Oh, and the project didn't stop in 2010, that's just when I retired.
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Old 18th December 2019, 01:39 PM   #388
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Originally Posted by Trebuchet View Post
Basically, trying to incorporate all the 787 technology on an airplane that would have to sell for much less just wasn't working.
Oh, and the project didn't stop in 2010, that's just when I retired.

The eternal problem.

Cheap. Good. Quick.

Pick two.
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Old 18th December 2019, 02:33 PM   #389
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Originally Posted by quadraginta View Post
The eternal problem.

Cheap. Good. Quick.

Pick two.
With the 787, they didn't even get one of three. I guess it's ok now, but was a mess at first.
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Old 18th December 2019, 04:06 PM   #390
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Originally Posted by Trebuchet View Post
I was, in fact, working on development of such a replacement from 2005 to 2010. It was tough to make the business case come together.
I have read that same claim at other forums as well. I have to ask if the risk of not building the NSA was adequately factored into the business case. A risk such as the one that has raised it's ugly head in the form of MCAS.
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Old 18th December 2019, 04:08 PM   #391
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Originally Posted by Trebuchet View Post
Basically, trying to incorporate all the 787 technology on an airplane that would have to sell for much less just wasn't working.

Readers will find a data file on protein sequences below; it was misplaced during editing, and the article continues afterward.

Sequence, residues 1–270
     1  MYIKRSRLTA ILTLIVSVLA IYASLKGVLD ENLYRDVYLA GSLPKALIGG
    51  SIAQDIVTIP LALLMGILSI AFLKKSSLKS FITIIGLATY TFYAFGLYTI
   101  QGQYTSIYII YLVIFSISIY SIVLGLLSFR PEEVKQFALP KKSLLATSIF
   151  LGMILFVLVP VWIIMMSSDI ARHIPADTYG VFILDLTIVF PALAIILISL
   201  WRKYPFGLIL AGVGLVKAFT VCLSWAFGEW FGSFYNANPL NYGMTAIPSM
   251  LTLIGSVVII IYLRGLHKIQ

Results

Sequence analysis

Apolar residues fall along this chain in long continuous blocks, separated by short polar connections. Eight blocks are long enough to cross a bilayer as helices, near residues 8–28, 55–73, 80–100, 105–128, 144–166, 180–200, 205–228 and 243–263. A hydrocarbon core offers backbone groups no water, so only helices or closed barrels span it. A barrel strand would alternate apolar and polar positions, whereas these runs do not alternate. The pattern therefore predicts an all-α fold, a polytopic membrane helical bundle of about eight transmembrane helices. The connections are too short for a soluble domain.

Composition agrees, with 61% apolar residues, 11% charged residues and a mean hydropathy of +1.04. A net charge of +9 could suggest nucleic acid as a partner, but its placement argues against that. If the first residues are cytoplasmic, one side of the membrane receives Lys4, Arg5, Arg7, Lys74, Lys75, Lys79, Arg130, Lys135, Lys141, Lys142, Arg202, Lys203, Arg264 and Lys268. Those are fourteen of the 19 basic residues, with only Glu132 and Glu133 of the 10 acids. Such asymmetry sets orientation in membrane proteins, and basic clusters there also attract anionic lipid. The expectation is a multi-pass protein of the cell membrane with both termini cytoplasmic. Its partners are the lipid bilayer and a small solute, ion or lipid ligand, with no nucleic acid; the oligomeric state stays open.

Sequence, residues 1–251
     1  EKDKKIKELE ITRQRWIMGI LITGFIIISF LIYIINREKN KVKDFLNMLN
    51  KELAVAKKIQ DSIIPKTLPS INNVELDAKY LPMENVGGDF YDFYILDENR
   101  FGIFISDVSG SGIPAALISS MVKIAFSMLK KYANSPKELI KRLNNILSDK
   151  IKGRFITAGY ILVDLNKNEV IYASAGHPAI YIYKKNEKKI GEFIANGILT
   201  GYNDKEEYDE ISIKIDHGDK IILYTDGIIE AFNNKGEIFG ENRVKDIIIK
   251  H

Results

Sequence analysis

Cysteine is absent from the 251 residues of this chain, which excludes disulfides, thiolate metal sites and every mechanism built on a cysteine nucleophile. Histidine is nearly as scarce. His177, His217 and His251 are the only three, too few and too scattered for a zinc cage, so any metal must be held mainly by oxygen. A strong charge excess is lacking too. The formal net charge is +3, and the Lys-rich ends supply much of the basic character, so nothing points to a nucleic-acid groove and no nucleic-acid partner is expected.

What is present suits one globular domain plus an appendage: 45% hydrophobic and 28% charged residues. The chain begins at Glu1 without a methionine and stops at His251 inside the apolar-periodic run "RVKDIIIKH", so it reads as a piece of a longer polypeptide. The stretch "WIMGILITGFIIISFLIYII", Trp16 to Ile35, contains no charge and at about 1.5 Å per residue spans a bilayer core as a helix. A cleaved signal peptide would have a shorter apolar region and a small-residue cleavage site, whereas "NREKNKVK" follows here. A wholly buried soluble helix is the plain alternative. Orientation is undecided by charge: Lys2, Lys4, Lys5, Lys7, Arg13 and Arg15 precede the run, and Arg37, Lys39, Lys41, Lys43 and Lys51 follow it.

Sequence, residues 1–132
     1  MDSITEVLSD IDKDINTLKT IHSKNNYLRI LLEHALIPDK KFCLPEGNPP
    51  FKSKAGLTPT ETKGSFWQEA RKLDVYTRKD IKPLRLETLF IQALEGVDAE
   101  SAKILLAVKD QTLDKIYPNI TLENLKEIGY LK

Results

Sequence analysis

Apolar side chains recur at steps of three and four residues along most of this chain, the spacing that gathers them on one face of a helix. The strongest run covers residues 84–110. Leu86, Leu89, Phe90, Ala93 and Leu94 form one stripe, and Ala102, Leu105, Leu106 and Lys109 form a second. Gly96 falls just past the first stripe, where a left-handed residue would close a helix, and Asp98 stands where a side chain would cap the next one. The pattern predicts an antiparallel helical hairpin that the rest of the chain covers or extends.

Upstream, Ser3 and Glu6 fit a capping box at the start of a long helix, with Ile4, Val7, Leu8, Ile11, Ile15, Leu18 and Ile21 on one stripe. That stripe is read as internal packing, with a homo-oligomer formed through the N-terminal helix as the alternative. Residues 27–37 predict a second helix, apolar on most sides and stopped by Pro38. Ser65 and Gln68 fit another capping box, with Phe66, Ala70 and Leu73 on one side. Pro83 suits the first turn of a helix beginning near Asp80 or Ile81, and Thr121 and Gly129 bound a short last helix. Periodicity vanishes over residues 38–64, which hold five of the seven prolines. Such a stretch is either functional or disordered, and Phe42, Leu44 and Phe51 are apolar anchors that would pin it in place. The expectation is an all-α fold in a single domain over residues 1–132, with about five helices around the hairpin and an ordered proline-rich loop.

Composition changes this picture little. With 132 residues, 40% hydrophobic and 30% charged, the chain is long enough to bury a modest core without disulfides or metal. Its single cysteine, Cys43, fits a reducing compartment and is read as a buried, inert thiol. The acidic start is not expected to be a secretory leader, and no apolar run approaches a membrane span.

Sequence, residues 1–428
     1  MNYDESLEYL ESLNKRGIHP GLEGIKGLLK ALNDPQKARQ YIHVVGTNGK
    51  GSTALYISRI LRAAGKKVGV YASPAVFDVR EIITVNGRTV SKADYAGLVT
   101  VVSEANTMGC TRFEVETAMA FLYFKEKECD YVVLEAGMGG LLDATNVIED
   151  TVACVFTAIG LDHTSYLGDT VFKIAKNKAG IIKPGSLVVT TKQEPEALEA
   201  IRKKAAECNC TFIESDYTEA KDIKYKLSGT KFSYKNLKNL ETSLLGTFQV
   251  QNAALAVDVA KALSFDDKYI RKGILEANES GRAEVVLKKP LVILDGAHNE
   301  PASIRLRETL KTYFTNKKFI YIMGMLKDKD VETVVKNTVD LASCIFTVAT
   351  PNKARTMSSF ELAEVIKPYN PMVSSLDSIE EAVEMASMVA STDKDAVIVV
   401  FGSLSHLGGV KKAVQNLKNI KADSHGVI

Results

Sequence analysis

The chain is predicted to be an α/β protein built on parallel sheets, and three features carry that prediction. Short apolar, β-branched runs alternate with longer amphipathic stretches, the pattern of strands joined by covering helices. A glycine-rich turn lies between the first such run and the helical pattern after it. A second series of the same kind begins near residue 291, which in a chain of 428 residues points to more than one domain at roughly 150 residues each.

Oh, and the project didn't stop in 2010, that's just when I retired.
If it only has to compete with the A320 then wouldn't it only have to be a bit better than that? A kind of 80/20 thing?
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Old 18th December 2019, 04:40 PM   #392
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I live in Renton. There are a lot of people walking around with long faces, just in time for the holidays. It's not as bad for the whole Puget Sound area as other big Boeing catastrophes, like the shutdown of the SST project - at the time Boeing was *the* big employer in the area and it devastated the Seattle economy.

But it's still pretty bad locally, and I'm sure it will be the last straw for some businesses that were already struggling. I doubt it will make any difference for the Fry's store by the plant, because it appears to be on its last legs anyway, we went in there a couple of weeks ago and whole sections of the store were completely empty of merchandise. What little stuff they had was spread out in multiple places to give the illusion of stocked shelves.
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Old 18th December 2019, 04:53 PM   #393
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Originally Posted by Bob001 View Post
That's interesting. Why? There was clearly a market for a different plane; that's why they built and sold the Max. And Airbus doesn't seem to have any trouble making money with new planes. Like some other businesses, did Boeing want to make too much money too fast, or did they not want to spend money on R&D, or what? In retrospect, it looks like a bad decision.
Originally Posted by Delphic Oracle View Post
Boeing can have all the plans they want. However, their customers still have the same dual demands for the newer, larger engines and low retraining costs for their pilots.

Damned if they do, damned if they don't.
Check out the Mentour vid (if you haven't already) he goes into some of the plus and minuses.
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Old 18th December 2019, 05:19 PM   #394
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Originally Posted by quadraginta View Post